Frontiers of Entrepreneurship Research
1996 Edition
SUMMARIES

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NEW VENTURE GROWTH IN FRANCE: DO LOCAL GOVERNMENT POLICIES MAKE A DIFFERENCE?


Jonathon Levie
Daniel Muzyka

INSEAD
Boulevard de Constance <> 77305 Fontainbleau FRANCE

Telephone / Fax: 33 1 60724133 / 33 1 60724242

Principal Topics

This research examines the effect of different types of regional and local government nurturing policies on rates of new firm formation and on early corporate growth (i.e. the emergence of young growing firms from the new small firm pool). Three distinct types of nurturing policy are identified: physical asset subsidies, skills enhancement, and information provision. The research site is France. The paper reports initial findings from a 50% sample of the 83 rural departments (counties) located outside the central Ile-de France region.

Method

A new database on young growing firms (defined as new manufacturing firms started between 1973 and 1992 which were still independent and employed 50 or more by 1992) was created. This, and national statistics on total annual new firm creation, formed the dependent variables. Independent variables included standard regional factors, and, in addition, measures of local and regional skills enhancement, information provision, and physical assets subsidies. Correlation and multiple regression analysis was conducted. Non-parametric tests were also conducted.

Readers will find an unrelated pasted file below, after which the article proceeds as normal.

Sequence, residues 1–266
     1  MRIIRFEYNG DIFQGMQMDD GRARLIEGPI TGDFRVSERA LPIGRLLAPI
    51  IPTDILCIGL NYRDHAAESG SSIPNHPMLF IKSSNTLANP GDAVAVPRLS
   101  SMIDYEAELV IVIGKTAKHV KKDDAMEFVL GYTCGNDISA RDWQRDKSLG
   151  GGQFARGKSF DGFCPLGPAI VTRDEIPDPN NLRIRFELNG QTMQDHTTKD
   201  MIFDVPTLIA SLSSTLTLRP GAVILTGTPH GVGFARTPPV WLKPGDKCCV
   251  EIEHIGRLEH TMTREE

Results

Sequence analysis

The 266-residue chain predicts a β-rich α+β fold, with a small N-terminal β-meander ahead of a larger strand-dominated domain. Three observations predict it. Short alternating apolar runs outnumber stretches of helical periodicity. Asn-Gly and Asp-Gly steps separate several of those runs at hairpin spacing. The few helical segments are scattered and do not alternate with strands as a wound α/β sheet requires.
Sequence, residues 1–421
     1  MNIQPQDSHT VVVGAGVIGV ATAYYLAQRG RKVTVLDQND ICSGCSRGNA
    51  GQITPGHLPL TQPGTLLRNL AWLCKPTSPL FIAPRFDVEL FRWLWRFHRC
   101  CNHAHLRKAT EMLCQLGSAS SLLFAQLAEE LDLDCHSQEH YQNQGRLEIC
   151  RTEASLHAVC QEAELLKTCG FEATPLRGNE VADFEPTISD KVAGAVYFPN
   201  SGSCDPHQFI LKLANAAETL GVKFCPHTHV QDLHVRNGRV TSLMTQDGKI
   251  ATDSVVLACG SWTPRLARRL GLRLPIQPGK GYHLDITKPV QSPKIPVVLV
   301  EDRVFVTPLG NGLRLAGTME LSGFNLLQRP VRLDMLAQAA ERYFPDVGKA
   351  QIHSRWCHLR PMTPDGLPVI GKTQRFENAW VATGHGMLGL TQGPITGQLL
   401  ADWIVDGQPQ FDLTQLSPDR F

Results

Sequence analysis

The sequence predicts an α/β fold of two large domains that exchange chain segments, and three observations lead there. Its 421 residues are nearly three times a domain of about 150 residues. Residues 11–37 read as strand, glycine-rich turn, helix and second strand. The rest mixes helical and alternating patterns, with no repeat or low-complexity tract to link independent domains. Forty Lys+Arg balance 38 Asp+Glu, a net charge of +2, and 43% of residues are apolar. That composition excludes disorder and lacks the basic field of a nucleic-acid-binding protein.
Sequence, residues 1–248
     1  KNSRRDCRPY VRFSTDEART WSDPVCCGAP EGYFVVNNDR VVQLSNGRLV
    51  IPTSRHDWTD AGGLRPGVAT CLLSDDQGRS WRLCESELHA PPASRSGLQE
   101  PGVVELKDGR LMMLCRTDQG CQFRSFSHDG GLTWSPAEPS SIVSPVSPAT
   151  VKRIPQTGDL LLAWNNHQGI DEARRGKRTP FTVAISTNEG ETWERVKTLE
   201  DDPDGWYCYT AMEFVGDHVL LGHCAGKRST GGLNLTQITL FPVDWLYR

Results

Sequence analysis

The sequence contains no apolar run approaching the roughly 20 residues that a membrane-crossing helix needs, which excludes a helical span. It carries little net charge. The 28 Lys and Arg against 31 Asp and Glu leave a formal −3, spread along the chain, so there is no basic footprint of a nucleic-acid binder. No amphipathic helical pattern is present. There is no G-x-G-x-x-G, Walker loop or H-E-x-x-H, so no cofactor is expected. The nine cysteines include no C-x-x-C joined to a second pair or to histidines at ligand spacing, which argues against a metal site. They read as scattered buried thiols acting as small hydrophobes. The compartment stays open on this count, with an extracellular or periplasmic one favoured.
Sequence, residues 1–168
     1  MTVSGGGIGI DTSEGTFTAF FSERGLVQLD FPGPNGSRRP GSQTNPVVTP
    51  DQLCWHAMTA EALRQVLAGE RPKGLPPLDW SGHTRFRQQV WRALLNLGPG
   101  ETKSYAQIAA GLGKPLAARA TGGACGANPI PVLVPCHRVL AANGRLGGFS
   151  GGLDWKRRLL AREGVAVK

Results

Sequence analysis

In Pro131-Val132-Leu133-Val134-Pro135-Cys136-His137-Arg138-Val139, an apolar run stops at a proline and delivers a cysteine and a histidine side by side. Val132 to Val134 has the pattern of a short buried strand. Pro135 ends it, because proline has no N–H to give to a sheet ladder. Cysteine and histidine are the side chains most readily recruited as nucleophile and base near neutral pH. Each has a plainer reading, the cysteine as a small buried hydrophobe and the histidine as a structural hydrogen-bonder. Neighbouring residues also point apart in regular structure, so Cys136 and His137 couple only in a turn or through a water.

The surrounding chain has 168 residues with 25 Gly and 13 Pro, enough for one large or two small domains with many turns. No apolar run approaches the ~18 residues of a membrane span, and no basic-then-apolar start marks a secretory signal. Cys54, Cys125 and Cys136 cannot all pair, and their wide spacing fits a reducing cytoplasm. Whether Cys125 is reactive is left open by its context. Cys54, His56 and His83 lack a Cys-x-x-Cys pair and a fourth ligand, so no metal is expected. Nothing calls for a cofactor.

Major Findings

New firm formation rates and early corporate growth rates were not highly correlated at the departmental level. Contrary to expectations, early corporate growth rates in the southern "Sunbelt" (recognized as a growth area) were not particularly high, although some sunbelt firms underwent spectacular growth. Departments in the Rhone-Alpes region had higher levels of early corporate growth than expected. The difference appears to be due to Rhone-Alpes92 stronger and more mature industrial base.

Implications

These initial results suggest that, for manufacturing, early corporate growth rates may lag new firm formation rates. For regions such as those in the sunbelt which have invested heavily in skills enhancement and subsidizing new startups, their reward in high levels of new firm starts has yet to translate into high levels of new firm growth.

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